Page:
BACKGROUND/AIMS: Mutations in the Ras/Raf/MEK/ERK pathway are detected in 50% of colorectal cancer cases and play a crucial role in cancer development and progression. Cobimetinib is a MEK inhibitor approved for the treatment of advanced melanoma and inhibits the cell viability of other types of cancer cells.
METHODS: HCT116 colorectal cancer cells were treated with cobimetinib, and MTT assay, colony formation assay, and flow cytometry were used to evaluate cell viability, cell cycle, and apoptosis, respectively. The expression of genes associated with the cell cycle and apoptosis were evaluated by quantitative real-time PCR and western blotting. To explore use of cobimetinib in colorectal cancer treatment and further understand its mechanisms, RNA-seq technology was used to identify differentially expressed genes (DEGs) between cobimetinib-treated and untreated HCT116 cells. Furthermore, we compared these DEGs with Gene Expression Omnibus data from colorectal cancer tissues and normal colonic epithelial tissues.
RESULTS: We found that cobimetinib not only inhibited cell proliferation but also induced G1 phase arrest and apoptosis in HCT116 colorectal cancer cells, suggesting that cobimetinib may useful in colorectal cancer therapy. After cobimetinib treatment, 3,495 DEGs were obtained, including 2,089 upregulated genes and 1,406 downregulated genes, and most of these DEGs were enriched in the cell cycle, DNA replication, and DNA damage repair pathways. Our results revealed that some genes with high expression in colorectal cancer tissues were downregulated by cobimetinib in HCT116 cells, including CCND1, E2F1, CDC25C, CCNE2, MYC, and PCNA. These genes have vital roles in DNA replication and the cell cycle. Furthermore, genes with low expression in colorectal cancer tissues were upregulated by cobimetinib, including PRKCA, PI3K, RTK, and PKC. Based on our results, the PKC and PI3K pathways were activated after cobimetinib treatment, and inhibition of these two pathways can increase the cytotoxicity of cobimetinib in HCT116 cells. Notably, cobimetinib appeared to enhance the efficacy of 5-fluorouracil (5-FU) by decreasing TYMS expression, high expression of which is responsible for 5-FU resistance in colorectal cancer.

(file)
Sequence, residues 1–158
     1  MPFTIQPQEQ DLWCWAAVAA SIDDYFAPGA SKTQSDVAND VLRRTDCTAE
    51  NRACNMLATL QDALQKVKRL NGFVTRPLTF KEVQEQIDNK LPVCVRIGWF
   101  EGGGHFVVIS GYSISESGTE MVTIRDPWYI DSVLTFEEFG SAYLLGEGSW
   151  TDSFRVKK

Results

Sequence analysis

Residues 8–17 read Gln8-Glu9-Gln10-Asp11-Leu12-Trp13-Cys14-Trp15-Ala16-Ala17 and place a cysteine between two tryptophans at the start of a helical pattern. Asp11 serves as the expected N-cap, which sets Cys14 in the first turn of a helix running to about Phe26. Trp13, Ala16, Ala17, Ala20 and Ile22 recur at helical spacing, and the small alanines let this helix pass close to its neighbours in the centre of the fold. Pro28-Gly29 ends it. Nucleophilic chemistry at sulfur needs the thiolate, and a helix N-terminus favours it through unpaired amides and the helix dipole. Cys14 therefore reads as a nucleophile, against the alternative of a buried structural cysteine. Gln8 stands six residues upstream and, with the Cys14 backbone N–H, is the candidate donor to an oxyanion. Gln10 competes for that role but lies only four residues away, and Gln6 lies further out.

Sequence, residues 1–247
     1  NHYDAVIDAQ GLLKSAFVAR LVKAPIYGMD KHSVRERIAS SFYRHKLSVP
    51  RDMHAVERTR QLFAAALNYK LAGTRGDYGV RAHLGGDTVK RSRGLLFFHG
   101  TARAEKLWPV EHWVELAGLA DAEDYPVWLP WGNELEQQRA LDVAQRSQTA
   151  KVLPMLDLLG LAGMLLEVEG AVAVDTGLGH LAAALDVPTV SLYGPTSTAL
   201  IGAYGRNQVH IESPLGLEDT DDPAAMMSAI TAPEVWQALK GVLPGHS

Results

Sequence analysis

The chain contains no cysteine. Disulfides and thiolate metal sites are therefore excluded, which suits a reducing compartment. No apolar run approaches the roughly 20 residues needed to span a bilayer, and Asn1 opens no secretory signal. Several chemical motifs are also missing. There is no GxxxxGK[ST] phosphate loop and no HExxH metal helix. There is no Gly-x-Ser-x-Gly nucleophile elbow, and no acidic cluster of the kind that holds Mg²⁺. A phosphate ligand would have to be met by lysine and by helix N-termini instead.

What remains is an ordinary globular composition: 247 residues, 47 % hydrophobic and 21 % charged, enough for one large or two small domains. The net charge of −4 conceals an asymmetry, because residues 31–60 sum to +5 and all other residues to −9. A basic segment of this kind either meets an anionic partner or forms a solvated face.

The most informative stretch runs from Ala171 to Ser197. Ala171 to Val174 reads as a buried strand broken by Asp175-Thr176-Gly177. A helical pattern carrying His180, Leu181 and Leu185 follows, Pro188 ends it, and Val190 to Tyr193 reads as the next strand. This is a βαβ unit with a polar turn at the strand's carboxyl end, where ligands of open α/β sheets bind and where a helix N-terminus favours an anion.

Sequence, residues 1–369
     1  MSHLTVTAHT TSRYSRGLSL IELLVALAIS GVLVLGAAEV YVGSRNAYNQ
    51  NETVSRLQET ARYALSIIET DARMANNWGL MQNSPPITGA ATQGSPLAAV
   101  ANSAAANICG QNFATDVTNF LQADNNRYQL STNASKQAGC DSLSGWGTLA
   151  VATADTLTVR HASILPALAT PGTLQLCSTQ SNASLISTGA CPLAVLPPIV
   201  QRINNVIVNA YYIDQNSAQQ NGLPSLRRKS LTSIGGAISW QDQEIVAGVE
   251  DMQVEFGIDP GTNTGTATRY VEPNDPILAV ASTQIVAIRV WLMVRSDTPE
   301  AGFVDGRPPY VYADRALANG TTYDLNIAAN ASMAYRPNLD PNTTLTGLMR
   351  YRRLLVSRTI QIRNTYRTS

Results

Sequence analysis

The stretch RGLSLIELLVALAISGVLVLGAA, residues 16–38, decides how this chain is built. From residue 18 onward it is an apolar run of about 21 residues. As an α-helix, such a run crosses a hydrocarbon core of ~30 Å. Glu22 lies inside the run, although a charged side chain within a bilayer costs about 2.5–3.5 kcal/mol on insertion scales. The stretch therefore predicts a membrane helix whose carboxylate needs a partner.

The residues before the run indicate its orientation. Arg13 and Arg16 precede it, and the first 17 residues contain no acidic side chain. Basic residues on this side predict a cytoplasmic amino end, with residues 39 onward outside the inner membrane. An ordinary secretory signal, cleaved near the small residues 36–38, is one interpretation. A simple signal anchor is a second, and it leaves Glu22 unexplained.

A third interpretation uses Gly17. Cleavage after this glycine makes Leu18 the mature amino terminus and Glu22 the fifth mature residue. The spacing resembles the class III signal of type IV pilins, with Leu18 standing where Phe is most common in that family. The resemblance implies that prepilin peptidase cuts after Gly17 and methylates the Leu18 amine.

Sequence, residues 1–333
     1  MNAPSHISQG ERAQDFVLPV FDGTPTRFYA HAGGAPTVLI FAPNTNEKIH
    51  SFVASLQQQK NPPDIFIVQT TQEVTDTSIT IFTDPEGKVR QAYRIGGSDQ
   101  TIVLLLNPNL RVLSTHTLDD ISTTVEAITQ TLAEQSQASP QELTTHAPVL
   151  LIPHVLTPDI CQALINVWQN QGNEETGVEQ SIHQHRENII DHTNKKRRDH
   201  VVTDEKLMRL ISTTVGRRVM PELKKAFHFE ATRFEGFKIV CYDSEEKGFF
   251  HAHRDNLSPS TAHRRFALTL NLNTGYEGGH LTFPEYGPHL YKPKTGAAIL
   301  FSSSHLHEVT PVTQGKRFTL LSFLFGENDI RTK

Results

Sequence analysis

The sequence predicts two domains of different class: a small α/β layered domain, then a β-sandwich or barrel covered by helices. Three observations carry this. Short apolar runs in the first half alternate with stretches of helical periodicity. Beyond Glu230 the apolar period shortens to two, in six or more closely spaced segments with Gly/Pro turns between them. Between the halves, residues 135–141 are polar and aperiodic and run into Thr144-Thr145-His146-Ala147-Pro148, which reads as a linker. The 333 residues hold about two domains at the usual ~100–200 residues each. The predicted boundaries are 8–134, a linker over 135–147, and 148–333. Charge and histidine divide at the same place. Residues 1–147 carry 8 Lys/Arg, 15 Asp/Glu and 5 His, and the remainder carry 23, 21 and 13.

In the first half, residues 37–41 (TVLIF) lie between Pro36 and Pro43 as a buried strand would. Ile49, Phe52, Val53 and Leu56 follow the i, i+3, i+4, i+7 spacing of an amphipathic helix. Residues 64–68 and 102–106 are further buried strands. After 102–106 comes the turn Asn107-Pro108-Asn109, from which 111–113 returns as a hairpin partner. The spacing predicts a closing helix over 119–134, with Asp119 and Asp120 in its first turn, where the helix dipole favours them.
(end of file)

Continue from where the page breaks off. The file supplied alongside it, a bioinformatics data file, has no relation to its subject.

CONCLUSIONS: Our results suggest the potential use of cobimetinib in colorectal cancer therapy.

Deng J, Wang J, Khan M, et al.
Structure and biological properties of five Pt(II) complexes as potential anticancer agents.
J Inorg Biochem. 2018; 185:10-16 [PubMed] Related Publications
We synthesized and validated five Schiff base Pt(II) complexes derived from 2-hydroxy-1-naphthaldehyde benzoyl hydrazone and its derivatives, which are modified at the benzohydrazide structures (L1-L5). The complexes were [Pt(L1)(DMSO)Cl] (C1), [Pt(L2)(DMSO)Cl] (C2), [Pt(L3)(DMSO)Cl] (C3), [Pt(L4)(DMSO)Cl] (C4), and [Pt(L5)(DMSO)Cl] (C5). Crystal structures showed that the Pt centers of all complexes were tetra-coordinated with other atoms. The structure-activity relationships and anticancer mechanisms of the complexes were explored. These five Pt(II) complexes were toxic at micromolar doses and exhibited cytotoxicity similar to or somewhat higher than that of cisplatin, with IC

Sarkar S, Alam N, Mandal SS, et al.
Differential transmission of the molecular signature of RBSP3, LIMD1 and CDC25A in basal/ parabasal versus spinous of normal epithelium during head and neck tumorigenesis: A mechanistic study.